Meet Sonia. Sonia is the newest member of our household. She came to us about 15 months ago where she has languished in the back shed ever since. Last weekend though, with
some severe nagging at a little bit of pressure on my husband to help, we dug her weighty body parts out of the shed and assembled her near our pergola. Sonia is a wood fired stove.
Armed with a wire brush I started to clean up some of the accumulated filth on her cast iron cook plates and a flat head screwdriver cleared out the fat and filth under said plates. This is when we discovered her name. Well, her model and brand to be exact. Sonia is a Backwell IXL 72. 🙂
Ebenezer Backwell began building stoves way back in 1852 and you may recognise the brand as the company is still going, creating heaters, coolers and bathroom heater lights. You can check out the company’s history here. The IXL 72 is a model made long after Mr Backwell passed away, sometime around the 1960’s. The dying end of wood cooking I would say.
She is a very small unit, designed to fit into a brick chimney with a small but spacious oven, a very small firebox and then the ash catchment area. Some of them come with a plate warmer but Miss Sonia didn’t have one when she was rescued from a house lined up for demolition.
She is, under her grime, in rather good condition to my inexp-
erienced eye. She is still in need of restoration. Now, please don’t laugh, but I have decided I want to restore her myself. I cannot weld, I have absolutely zero experience in restoring wood stoves and indeed no metalworking experience bar a little year 7-8 metalworking classes (I attended a school with a strong technical focus). I do however have a desire to learn and a friend who welds who is more than willing to teach me. 🙂
Aside from a hole in the base, the sides are rusted but still in tact and we have a perfect damper box on the top so Sonia, now moved to our pergola and with a little extra flue to divert the smoke, is being pressed into action on weather appropriate days instead of using the gas barbecue. She eats rather little all things considered and so far we have used a mere handful of logs as we can run her on twigs and larger wood chips. A basket full of this fuel will see us through 3 meals!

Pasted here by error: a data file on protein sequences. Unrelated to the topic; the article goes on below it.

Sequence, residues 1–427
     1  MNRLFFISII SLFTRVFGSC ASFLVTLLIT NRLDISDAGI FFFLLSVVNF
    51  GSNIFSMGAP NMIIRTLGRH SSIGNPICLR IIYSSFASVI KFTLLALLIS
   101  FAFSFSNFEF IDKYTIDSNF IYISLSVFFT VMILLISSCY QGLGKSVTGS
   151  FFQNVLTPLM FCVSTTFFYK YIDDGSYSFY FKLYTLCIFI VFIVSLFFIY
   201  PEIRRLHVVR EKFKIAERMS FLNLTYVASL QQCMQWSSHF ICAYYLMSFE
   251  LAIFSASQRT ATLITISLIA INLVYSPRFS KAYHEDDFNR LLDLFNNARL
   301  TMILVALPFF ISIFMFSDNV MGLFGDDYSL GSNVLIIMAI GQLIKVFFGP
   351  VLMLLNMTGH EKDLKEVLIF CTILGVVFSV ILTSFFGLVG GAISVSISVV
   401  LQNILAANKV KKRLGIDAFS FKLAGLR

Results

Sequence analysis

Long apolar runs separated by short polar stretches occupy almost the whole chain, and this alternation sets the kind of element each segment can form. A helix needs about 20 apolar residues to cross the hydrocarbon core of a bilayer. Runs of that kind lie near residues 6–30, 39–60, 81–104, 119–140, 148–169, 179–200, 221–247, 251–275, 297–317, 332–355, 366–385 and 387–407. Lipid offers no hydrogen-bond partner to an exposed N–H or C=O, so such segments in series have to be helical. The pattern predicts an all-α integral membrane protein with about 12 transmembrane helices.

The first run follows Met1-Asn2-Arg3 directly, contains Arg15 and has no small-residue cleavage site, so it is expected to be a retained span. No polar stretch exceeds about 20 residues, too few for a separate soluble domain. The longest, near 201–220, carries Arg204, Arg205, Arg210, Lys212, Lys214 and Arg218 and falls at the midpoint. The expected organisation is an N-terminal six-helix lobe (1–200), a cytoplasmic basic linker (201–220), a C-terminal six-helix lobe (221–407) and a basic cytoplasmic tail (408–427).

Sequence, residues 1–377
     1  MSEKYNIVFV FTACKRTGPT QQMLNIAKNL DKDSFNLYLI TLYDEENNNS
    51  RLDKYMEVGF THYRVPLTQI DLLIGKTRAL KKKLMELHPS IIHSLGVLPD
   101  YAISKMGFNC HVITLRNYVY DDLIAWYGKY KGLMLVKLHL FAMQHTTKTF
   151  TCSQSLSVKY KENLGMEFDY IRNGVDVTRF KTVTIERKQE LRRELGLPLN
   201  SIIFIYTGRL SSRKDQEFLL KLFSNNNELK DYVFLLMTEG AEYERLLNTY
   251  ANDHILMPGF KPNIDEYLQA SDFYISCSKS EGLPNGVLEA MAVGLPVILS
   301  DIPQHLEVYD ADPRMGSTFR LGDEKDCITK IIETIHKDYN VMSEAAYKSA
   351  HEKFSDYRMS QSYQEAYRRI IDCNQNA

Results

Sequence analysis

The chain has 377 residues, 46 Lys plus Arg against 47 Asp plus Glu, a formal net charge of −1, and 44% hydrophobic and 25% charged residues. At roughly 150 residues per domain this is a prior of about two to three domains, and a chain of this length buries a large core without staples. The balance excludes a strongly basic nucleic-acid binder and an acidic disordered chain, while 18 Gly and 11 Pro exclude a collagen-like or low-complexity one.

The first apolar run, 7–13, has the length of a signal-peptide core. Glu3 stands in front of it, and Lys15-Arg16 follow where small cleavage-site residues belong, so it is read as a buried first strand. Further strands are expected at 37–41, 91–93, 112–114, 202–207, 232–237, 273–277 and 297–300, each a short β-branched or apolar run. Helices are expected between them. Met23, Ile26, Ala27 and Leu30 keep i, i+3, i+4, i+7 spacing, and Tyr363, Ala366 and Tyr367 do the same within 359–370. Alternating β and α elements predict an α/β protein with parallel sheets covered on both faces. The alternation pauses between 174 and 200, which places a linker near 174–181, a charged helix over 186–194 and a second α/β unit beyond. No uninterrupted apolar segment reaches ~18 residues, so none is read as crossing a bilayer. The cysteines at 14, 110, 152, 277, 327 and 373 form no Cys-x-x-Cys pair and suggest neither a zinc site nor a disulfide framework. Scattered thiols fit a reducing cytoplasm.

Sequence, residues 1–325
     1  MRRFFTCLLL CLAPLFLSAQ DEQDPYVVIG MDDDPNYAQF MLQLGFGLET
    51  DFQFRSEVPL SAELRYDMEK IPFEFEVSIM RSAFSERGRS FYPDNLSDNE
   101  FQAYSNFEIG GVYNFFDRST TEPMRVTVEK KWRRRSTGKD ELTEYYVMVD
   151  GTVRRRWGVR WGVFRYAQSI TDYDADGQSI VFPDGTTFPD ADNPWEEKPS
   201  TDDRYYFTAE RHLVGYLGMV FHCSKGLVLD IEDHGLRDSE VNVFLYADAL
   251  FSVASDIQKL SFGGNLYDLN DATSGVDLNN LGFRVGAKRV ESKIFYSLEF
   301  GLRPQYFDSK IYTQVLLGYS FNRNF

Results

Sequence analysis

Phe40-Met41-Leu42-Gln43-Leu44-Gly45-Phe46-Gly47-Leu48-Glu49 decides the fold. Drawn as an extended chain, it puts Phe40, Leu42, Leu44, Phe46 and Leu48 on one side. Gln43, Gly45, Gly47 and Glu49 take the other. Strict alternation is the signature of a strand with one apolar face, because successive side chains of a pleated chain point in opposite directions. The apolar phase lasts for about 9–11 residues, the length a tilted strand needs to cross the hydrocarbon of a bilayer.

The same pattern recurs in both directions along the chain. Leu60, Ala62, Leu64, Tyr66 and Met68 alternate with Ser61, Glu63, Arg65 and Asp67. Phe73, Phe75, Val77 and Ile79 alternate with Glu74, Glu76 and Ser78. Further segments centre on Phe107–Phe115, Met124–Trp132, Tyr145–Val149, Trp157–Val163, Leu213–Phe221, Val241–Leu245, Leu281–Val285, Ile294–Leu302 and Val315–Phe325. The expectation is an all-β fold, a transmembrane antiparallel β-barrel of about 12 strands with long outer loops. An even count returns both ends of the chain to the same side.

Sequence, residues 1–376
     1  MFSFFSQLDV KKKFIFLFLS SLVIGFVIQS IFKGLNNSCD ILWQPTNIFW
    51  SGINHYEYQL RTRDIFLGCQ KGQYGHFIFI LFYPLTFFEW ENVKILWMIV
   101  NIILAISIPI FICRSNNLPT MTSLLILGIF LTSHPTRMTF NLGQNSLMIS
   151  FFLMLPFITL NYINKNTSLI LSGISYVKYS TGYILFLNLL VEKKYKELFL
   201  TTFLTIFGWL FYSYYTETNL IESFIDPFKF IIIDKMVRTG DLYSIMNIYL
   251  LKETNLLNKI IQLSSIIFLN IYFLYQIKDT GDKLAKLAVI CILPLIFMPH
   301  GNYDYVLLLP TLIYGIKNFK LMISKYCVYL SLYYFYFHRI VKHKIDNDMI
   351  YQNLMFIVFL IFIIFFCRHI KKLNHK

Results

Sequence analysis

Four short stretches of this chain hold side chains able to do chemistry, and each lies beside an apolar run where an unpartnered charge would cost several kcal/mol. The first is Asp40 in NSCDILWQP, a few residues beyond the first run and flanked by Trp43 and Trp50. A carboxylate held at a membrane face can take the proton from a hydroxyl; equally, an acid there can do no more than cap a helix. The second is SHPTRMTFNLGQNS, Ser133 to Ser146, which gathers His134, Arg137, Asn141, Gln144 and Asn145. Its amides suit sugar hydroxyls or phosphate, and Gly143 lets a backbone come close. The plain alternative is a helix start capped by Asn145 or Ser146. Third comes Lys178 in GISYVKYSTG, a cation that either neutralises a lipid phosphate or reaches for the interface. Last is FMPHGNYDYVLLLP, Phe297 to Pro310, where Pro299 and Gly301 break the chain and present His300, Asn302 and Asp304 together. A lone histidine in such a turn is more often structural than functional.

We are using a second thermometre as the current one is in Fahrenheit (this stove was built in the 1960’s) which I cannot read or work out in my head and it’s also not working very well.
So far this week we’ve had breakfast cooked on her heat at least twice and brunch, a sultana laden gluten-free damper, cooked in her belly for Australia Day Breakfast. Milk warms in a minute or two and my coffee takes only a moment longer. We made the deal that unless she could cook the “hot oven” foods though that she could not stay. I’m pleased to advise that her Yorkshire puddings were perfect!
I’m really enjoying learning how to cook in and on her and each time I do I spend a little more time de-griming her. I’ve just acquired the instruction manual from IXL in Geelong (I love that it’s a locally made) and I look forward to learning more about her as we work together. Not to mention learning some new skills with welding and metalwork. 😀